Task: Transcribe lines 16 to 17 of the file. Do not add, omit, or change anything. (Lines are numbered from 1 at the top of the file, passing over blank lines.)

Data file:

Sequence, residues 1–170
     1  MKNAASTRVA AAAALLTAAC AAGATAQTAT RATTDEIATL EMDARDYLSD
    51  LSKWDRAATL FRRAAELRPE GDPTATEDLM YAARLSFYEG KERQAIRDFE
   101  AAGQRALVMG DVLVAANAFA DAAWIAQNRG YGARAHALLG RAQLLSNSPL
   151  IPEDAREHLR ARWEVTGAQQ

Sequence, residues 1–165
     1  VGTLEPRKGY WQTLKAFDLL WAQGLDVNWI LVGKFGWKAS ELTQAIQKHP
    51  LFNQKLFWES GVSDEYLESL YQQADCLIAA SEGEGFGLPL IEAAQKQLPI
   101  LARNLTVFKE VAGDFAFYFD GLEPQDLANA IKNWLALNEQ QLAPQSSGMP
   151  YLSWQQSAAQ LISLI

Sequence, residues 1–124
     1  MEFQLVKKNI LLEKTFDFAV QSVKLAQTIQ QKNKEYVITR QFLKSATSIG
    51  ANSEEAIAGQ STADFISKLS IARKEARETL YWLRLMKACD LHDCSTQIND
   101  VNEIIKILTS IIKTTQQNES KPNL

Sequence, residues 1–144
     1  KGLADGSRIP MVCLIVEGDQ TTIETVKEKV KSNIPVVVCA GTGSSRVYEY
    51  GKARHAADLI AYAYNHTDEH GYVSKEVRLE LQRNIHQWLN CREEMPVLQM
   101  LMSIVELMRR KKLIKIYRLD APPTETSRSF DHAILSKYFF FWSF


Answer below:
     1  KGLADGSRIP MVCLIVEGDQ TTIETVKEKV KSNIPVVVCA GTGSSRVYEY
    51  GKARHAADLI AYAYNHTDEH GYVSKEVRLE LQRNIHQWLN CREEMPVLQM